b.     Better option for thickener if you’ll be freezing the product.

21. White Rice Flour

     a.      Good base for flour mixes.

     b.     Bland, mild flavor, won’t change taste of recipe.

     c.      Gives option of regular, medium or fine ground.

22. Rice Bran

     a.      High nutritional value ...

             ... thiamin, niacin, B-6, iron, phosphorus, magnesium, potassium and fiber.

     b.     Derived from the epidermis layer (outer covering) of the grain.

     c.      Keep refrigerated or in freezer.

23. Saffron

     a.      Dried stigmas of purple flowered crocus.

     b.     Used to color and flavor recipes.

24. Sesame

     a.      White, brown or black.

    b.     Whole, ground as flour or pressed for oil

25. Sorghum

     a.      AKA milo.

     b.     Certified food grade sorghum has been specially developed for the food industry.

     c.      Made from Sorghum Berries.

     d.     Ground to flour or sweet syrup.

     e.      Adds ‘airyness’ and texture to recipes.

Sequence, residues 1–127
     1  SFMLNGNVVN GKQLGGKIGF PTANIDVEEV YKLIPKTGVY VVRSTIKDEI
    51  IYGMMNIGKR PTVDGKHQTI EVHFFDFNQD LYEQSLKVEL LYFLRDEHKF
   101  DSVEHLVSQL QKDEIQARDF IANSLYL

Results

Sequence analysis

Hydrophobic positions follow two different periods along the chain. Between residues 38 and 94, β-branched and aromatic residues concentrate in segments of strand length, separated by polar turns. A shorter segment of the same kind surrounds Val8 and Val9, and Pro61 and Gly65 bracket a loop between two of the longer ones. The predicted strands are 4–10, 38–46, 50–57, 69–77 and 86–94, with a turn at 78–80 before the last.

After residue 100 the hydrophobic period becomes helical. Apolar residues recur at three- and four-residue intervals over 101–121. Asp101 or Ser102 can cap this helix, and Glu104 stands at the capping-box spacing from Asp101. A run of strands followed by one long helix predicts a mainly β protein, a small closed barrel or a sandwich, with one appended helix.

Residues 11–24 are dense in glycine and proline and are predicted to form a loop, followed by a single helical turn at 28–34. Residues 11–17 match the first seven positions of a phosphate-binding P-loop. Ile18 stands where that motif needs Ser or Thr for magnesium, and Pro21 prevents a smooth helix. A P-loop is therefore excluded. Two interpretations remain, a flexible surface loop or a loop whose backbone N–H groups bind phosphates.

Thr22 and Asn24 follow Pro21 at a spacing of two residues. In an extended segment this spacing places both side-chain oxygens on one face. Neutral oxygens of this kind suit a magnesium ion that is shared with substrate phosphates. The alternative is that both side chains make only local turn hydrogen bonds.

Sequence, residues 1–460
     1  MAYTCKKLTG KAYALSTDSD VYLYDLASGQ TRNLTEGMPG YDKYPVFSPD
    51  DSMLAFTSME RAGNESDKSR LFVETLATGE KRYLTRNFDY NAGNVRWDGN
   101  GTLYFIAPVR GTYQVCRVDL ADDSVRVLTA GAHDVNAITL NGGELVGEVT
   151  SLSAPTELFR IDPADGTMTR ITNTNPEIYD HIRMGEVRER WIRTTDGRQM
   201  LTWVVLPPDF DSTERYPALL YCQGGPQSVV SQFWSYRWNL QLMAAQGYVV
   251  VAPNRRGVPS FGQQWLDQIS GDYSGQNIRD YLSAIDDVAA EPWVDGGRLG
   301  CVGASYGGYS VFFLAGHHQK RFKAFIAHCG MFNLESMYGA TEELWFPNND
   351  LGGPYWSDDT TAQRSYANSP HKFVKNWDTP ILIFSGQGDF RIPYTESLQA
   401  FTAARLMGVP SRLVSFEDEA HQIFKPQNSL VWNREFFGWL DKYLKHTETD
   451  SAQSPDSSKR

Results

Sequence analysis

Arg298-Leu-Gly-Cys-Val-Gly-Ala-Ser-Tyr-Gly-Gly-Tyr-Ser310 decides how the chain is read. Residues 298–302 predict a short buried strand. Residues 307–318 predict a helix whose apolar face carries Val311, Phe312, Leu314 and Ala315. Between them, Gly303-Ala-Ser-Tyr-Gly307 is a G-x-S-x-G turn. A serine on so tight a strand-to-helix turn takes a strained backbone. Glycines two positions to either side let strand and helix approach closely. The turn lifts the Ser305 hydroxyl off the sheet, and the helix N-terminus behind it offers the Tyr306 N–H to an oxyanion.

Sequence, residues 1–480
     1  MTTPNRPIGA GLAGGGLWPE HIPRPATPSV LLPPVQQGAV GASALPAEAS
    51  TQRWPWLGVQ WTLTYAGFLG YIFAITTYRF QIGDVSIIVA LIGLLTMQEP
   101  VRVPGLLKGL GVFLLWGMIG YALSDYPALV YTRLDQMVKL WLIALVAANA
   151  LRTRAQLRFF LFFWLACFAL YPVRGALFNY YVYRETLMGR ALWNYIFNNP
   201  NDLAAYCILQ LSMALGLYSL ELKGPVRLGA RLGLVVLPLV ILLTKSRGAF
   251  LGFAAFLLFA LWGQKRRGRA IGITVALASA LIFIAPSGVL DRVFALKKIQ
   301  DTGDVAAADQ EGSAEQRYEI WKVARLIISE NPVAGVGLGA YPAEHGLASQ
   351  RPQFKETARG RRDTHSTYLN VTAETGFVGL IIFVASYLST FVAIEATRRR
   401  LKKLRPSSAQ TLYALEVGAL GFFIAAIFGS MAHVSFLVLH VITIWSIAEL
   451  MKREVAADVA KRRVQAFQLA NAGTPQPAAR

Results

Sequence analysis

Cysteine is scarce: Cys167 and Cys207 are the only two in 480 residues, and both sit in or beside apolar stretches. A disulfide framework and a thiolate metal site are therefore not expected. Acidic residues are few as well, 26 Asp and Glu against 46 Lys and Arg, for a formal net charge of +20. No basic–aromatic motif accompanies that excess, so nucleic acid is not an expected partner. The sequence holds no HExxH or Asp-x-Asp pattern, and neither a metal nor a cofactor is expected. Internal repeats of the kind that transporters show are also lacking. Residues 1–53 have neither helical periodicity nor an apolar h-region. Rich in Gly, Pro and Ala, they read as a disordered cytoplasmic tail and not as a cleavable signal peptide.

f.       Good for portion of flour in bread recipes, even up to half the amount.

26. Soy Flour

     a.      High Protein and low Carbohydrate values.

     b.     Available in full fat, low fat and defatted versions.

     c.      Keep refrigerated or in freezer.

     d.     Has a strong, distinct flavor, some say nutty flavor.

     e.      Mixes well with other Gluten Free flours for baking.

     f.       Browns easily.

     g.     Note: Soy is one of the eight major allergens.

             It must be labeled on products for sale by law of FDA.

27. Sweet Potato

     a.      Used as vegetable, dried or ground into flour.

     b.     Adds slightly sweet flavor to recipes.

28. Taro Flour

     a.      Used as a thickener, similar to tapioca.

29. Tapioca Flour

     a.      AKA tapioca starch, cassava flour, cassava starch, manioc starch.

     b.     Extracted from the roots and ground into flour.

     c.      Mixes well with other Gluten Free flours for baking.

     d.     Browns easily, promotes crisp texture

     e.      Can be used in place of cornstarch or arrowroot as thickener.

30. Teff

     a.      Small ancient grain of the Millett family.

             It’s too small to remove husk and bran.

             The nutrients are not lost during processing.

     b.     Natural brown has a stronger, unique flavor.

     c.      Ivory has a mild, slightly nutty flavor.

     d.     High calcium content.

     e.      Can be used as portion of flour in bread recipes for texture.

31. Xanthan Gum

     a.      Binder for GF Baking – Acts as the “gluten” for cakes, cookies and breads.

     b.     1 tsp. in recipes of cakes and cookies; 2 tsp. in recipes for breads.